SIMS v. APFEL
After a state agency denied Juatassa Sims' application for Social Security disability and Supplemental Security Income benefits, she obtained a hearing before a Social Security Administrative Law Judge (ALJ). The ALJ also denied Sims' claims, concluding that, although she did have some medical impairments, she had not been and was not under a "disability." Sims then sought review by the Social Security Appeals Council, which denied review. She next filed suit in the Federal District Court, contending that the ALJ erred in three ways by making selective use of the record, by posing defective questions to a vocational expert, and by failing to order a consultative examination. The District Court rejected her contentions. In affirming, the Court of Appeals concluding that it lacked jurisdiction over two of the contentions because they were not included in Sims' request for review by the Appeals Council.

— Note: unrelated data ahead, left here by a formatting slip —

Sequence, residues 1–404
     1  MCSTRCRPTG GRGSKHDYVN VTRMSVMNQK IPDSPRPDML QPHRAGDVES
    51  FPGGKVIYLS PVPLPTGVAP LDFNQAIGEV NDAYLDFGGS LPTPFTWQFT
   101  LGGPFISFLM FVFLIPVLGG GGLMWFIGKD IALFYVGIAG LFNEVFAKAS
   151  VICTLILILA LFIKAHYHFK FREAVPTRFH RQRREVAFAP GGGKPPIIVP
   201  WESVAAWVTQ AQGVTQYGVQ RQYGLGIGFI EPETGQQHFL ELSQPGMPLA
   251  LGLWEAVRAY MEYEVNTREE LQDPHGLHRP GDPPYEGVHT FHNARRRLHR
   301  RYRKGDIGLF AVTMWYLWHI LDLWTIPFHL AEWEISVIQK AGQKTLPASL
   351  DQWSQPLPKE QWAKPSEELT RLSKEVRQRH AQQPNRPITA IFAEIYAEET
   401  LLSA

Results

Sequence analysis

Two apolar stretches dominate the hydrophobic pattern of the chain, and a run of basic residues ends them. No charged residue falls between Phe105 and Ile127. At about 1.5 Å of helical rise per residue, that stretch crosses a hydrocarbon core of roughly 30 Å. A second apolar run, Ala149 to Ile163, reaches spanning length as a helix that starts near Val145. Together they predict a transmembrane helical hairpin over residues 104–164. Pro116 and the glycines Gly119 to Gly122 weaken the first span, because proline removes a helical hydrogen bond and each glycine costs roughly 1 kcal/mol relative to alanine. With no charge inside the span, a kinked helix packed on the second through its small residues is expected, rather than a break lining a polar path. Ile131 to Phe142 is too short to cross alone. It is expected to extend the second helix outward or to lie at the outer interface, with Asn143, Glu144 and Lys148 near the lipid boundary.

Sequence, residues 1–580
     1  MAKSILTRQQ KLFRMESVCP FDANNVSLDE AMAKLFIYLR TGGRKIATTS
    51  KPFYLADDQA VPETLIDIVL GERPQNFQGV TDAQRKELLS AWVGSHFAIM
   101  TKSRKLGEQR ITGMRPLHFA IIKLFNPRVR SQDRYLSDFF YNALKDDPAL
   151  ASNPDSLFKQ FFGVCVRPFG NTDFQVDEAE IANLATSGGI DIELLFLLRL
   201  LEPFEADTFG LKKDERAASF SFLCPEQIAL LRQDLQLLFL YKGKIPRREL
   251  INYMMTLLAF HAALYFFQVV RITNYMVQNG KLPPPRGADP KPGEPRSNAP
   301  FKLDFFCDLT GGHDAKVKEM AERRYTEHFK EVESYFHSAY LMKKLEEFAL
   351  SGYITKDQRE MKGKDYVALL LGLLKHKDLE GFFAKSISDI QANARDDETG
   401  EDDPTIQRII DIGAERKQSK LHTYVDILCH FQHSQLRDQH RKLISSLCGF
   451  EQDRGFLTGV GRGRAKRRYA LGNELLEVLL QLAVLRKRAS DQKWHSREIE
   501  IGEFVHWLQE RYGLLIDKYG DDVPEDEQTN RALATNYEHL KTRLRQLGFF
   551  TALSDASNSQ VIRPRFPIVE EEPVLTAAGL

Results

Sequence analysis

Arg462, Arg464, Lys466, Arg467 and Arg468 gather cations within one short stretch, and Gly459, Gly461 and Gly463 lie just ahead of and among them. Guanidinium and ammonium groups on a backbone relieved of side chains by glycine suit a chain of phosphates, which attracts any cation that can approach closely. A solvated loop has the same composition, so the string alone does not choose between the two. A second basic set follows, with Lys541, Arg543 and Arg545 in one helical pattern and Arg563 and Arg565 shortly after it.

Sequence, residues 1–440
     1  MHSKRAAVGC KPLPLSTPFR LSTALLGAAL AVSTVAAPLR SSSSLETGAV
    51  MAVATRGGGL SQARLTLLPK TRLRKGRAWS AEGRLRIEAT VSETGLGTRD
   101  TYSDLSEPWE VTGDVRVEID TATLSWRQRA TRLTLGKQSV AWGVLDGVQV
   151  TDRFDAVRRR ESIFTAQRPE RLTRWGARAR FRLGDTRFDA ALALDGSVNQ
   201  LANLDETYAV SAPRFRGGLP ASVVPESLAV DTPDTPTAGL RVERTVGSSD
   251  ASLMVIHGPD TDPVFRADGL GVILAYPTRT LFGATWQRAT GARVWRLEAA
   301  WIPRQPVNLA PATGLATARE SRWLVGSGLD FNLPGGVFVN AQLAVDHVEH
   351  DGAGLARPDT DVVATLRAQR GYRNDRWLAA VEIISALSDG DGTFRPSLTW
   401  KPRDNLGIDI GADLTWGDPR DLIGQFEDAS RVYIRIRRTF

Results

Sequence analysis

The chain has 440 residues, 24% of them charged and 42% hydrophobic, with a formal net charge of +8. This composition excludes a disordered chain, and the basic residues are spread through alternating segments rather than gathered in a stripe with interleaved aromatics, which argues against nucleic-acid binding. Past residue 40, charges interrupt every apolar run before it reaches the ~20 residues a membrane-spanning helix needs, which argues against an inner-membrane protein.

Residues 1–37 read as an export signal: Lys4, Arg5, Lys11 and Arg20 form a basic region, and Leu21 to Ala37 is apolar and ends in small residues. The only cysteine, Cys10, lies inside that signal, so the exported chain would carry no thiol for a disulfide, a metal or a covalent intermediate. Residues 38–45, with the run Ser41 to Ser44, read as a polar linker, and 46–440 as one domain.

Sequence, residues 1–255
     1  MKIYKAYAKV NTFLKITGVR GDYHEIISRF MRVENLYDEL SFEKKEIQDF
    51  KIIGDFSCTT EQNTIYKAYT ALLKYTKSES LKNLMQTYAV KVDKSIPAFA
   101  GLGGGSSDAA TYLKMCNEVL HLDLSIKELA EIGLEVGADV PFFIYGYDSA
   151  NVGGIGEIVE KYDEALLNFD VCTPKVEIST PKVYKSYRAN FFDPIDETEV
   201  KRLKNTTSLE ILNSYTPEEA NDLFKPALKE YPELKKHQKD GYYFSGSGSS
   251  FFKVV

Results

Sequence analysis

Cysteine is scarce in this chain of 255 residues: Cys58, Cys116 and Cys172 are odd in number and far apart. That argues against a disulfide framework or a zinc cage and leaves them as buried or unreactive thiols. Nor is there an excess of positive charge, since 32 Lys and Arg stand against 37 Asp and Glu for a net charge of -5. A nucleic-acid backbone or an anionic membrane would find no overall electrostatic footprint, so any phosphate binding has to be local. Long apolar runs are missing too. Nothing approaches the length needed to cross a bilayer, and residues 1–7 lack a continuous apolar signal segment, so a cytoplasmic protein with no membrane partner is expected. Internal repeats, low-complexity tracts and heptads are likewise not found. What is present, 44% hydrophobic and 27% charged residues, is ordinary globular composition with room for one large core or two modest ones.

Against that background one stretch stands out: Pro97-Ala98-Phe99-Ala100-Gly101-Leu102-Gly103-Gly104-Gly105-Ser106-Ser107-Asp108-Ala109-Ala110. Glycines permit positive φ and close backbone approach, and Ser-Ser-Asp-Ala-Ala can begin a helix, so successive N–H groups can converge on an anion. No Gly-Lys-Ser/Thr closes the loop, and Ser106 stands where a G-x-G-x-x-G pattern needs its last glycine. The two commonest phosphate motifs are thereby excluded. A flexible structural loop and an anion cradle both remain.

Is a Social Security claimant barred from federal judicial review of issues he or she failed to raise during the administrative process?
Legal provision: Social Security, as amended, including Social Security Disability Benefits Reform Act, but excluding Medicare, Medicaid, Supplemental Security Income, and Aid to Families with Dependent Children
No. In a plurality opinion delivered by Justice Clarence Thomas, the Court held, 5 to 4, that Social Security claimants who exhaust administrative remedies need not also exhaust issues administratively in order to preserve judicial review of those issues. Justice Thomas wrote that the issue- exhaustion requirement, usually required even in the absence of a statute or regulation, does not apply in a non-adversarial proceeding, as in Social Security cases. Justice O'Connor filed a separate opinion concurring in part and concurring in the judgment Justice Stephen G. Breyer filed a dissenting opinion joined by Chief Justice William H. Rehnquist and Justices Antonin Scalia and Anthony M. Kennedy.